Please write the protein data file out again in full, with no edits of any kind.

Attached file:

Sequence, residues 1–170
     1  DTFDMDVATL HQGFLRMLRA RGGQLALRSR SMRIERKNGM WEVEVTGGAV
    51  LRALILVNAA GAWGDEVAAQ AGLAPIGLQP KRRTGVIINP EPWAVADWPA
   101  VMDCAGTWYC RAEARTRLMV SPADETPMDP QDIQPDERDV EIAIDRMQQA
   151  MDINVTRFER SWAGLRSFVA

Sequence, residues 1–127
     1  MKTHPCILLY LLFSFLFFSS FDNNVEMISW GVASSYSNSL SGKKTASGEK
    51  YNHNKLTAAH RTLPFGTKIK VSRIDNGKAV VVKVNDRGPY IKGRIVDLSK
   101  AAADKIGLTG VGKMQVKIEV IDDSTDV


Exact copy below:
Sequence, residues 1–170
     1  DTFDMDVATL HQGFLRMLRA RGGQLALRSR SMRIERKNGM WEVEVTGGAV
    51  LRALILVNAA GAWGDEVAAQ AGLAPIGLQP KRRTGVIINP EPWAVADWPA
   101  VMDCAGTWYC RAEARTRLMV SPADETPMDP QDIQPDERDV EIAIDRMQQA
   151  MDINVTRFER SWAGLRSFVA

Sequence, residues 1–127
     1  MKTHPCILLY LLFSFLFFSS FDNNVEMISW GVASSYSNSL SGKKTASGEK
    51  YNHNKLTAAH RTLPFGTKIK VSRIDNGKAV VVKVNDRGPY IKGRIVDLSK
   101  AAADKIGLTG VGKMQVKIEV IDDSTDV